It’s immediately obvious to anyone who hears his work: Alex Isley has spent his entire life surrounded by music. The singer-songwriter mixes all kinds of influences – jazz, classical, R&B, electronic, etc. – on his last album, Worry. And the results will win you over whether you like Solange, Sade or Sarah Vaughan. Take it from Rolling Stone Radio co-host Charlie Cooper.
“Such a vibe,” Cooper said as Isley shared his track, “Such A Thing,” on the final show. “I feel like I could wake up to this every morning.”
Isley joined Cooper and co-hosts Jon Weigell this week for the inaugural edition of Rolling Stone Radio on Amp, the live radio app where you can listen to top artists, creators and athletes spinning their favorite tunes and taking your calls in real time. The musician had recently completed the first US headlining tour of her decade-plus career, so Isley seemed as effervescent as her music when she got a chance to reflect on her summer of performing.
“It was amazing,” Isley said of the dozen tour dates. “It reminded me of how loyal people who listen to my music have been over the years. It passed very, very quickly, so I did what I could to be in the moment because it was gone. There were a few times – and I’m already a bit emo – when I cried on stage. I couldn’t contain myself because there was so much love and energy in every city. I was able to meet and greet and talk with some people and get their stories, “We danced to your song at your wedding” or “You got me through this time in my life”. It was overwhelming, but in a very, very good way.
However, Isley didn’t call to talk just about 2022. If the name didn’t immediately reveal, she’s the daughter of Ernie Isley from the legendary Isley Brothers. As a result, his tastes and inspirations make mixtapes dream, so Isley graciously accompanied Cooper and Weigell through a handful of his all-time favorite tracks during the show’s My Life in 10 Songs segment.
No surprise: Isley’s mix was as expansive and eclectic as the sounds on Worry himself. She started with Anita Baker (“Giving You The Best That I’ve Got”), TonyToneToni (“Anniversary [Extended Version]”), and Jamiroquai (“Manifest Destiny”). It was an opening trio that alluded to a lot of selected tracks for Isley that date back to his childhood, but not always to dad’s record collection. “I listened to Jamiroquai a lot thanks to my mother,” Isley said. “When I think about this list, most of these songs take me back to a simpler time, my childhood. And I often date things based on what grade I was in, so I was in 2nd or 3rd year when I really got to know this LP. I love the song. And there’s so much musicianship in the band, they’re amazing.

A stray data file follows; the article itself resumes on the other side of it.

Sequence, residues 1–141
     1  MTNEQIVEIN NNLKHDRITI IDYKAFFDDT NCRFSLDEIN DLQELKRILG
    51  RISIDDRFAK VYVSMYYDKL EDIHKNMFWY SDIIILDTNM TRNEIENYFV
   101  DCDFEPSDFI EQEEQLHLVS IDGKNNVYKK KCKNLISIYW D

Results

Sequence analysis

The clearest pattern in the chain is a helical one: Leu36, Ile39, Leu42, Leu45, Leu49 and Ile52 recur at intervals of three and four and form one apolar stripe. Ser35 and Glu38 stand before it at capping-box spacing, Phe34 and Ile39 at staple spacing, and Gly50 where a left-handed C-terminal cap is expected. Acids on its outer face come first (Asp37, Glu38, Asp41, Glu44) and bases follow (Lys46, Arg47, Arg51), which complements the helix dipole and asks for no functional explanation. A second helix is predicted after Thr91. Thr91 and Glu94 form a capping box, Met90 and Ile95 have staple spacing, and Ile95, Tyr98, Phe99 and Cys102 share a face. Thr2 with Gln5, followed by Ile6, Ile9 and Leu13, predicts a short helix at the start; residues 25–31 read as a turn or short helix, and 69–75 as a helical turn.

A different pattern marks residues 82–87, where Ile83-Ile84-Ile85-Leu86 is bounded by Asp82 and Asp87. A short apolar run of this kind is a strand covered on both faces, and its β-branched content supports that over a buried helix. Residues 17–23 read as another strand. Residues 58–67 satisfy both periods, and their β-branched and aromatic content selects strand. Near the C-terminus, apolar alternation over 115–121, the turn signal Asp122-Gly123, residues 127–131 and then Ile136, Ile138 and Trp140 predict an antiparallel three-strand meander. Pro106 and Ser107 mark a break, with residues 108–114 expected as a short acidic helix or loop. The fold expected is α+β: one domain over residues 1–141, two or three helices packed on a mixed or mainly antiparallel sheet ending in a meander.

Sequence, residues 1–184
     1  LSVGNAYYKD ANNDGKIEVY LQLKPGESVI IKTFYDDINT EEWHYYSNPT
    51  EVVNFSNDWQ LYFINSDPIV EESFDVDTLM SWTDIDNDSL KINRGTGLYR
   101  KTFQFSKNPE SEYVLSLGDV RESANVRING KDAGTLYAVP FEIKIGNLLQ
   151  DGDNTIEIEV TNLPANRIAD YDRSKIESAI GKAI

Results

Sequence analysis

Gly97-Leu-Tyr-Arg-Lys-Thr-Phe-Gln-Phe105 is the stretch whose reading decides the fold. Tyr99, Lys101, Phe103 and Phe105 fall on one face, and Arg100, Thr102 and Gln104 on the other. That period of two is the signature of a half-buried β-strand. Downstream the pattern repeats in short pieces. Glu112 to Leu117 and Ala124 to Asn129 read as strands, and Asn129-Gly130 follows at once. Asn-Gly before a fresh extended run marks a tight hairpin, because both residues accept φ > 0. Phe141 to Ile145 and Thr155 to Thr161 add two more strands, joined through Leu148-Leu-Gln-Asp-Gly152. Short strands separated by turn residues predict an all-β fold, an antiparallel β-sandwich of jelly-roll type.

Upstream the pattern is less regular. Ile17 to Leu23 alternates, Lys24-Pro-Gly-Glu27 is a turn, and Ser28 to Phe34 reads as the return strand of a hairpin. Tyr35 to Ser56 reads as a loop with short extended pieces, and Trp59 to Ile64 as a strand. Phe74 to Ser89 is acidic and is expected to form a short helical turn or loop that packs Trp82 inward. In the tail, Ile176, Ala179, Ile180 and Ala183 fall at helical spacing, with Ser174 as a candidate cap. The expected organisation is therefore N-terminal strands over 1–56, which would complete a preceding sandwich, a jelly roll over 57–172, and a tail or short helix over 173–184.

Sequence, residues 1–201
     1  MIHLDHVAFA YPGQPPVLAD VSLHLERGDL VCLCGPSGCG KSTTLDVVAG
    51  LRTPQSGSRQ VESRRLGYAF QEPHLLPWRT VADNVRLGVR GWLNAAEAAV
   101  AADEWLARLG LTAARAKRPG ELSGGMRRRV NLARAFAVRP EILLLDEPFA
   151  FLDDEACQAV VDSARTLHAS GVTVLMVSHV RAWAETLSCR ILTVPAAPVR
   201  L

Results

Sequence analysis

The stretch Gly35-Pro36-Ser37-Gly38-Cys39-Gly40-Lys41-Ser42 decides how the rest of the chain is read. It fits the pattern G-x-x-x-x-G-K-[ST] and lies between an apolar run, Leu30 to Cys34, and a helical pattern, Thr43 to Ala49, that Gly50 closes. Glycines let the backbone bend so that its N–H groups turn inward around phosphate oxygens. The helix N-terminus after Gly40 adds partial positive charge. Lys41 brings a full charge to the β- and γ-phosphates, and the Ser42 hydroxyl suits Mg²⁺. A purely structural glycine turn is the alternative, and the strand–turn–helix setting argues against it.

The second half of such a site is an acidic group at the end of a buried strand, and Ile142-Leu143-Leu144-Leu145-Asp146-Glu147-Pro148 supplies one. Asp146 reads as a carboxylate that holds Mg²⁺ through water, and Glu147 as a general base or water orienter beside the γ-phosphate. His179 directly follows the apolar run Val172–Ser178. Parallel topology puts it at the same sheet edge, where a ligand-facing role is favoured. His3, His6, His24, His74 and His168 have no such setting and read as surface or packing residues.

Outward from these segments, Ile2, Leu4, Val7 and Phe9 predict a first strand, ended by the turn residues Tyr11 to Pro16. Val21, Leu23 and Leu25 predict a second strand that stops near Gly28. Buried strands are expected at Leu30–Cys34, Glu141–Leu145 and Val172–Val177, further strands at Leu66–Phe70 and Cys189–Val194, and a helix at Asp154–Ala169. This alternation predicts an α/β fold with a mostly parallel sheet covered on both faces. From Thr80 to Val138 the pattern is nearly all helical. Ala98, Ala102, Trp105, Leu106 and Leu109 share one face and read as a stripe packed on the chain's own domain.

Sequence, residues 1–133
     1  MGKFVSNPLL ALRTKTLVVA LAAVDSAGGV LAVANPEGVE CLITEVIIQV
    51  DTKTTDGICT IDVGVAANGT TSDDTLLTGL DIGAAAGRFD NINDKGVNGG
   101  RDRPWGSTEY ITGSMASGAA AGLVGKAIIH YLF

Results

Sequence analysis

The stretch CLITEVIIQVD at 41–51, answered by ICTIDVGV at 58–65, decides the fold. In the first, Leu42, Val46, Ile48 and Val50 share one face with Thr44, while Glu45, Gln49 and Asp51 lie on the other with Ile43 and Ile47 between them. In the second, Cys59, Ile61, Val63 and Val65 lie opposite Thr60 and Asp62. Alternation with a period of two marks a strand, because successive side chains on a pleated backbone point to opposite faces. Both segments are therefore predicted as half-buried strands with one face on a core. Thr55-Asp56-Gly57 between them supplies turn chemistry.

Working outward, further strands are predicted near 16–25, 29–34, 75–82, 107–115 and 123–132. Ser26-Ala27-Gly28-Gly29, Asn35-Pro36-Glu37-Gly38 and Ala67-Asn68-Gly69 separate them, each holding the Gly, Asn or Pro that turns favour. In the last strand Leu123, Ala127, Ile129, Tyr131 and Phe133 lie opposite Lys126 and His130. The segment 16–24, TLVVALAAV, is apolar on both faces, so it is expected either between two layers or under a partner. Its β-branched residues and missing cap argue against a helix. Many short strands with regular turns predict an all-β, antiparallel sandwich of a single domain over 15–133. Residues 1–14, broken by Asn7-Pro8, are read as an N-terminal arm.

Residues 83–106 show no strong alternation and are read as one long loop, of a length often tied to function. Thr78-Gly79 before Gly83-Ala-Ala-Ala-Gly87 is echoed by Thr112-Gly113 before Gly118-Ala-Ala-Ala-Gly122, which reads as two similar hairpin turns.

When it comes to childhood, Isley has a daughter herself these days, so her My Life in 10 Songs mix had to consider the next generation as well. She added some Christina Aguilera (“Genie In A Bottle”) and SWV (“Weak”) from her own childhood, a classic Isley Brothers track (“For The Love Of You”) for her parents, and then a surprise selection for she. girl – the classic “Moon River” by Henry Mancini.
“My daughter loves ‘Moon River,’ so sometimes I sing to her,” Isley explained. “We also have this huge photo of Audrey Hepburn in Breakfast at Tiffany’s in my living room. But my daughter loves this song and she sings it all day, every day. So she also sings “Moon River”.
“I would absolutely support her,” Isley continued when Cooper asked if Isley’s next generation could also get into music professionally. “And I’ll pass on everything I’ve learned as best I can – the bottom line is just that if that’s what you want to do, make sure you really like it. There are parts that can become difficult, of course, but you just have to be patient and gracious to yourself.
Rounding out her stint on the show, Isley dove into this direct Sade influence with “Cherish the Day” (“She’s a big part of my artistry, especially how I write,” Isley said) and then did flex his classical music muscles more. Isley chose pieces by modern French composer Francis Lai (“Vivre Pour Vivre” from the film Love story, that her father often played in the house while she was growing up) and the 18th-century Italian composer Tommaso Giordani (“Caro Mio Ben”). Even though these sounds are not as easy to spot WorryIsley shared with Rolling Stone that they were truly part of his musical DNA.
“When I was a kid, my grandmother on my mom’s side actually trained me classically,” Isley revealed. “I started when I was 12 and made it through college. And that was a big part of me finding my voice. She made sure I did what I needed technically so as not to develop bad habits or do anything that might harm me as a singer.Now over a dozen years into her career, Grandma’s advice and guidance continues to do well do Isley if his recent tour and 2022 album are any indication. It’s not just anyone who can effortlessly fill a room with a chorus like Isley does on “Such A Thing.”
Weigell and Cooper will be back Thursday 10/13 when rapper Smino joins them to share his life in 10 songs on another episode of Rolling Stone Radio (@rollingstone on Amp). Download the Amp app and tune in at 11 a.m. ET. New to Amp? If you want to learn more about the artists and athletes who DJ on Amp and experience their concerts live, head over to onamp.com and just press “play”.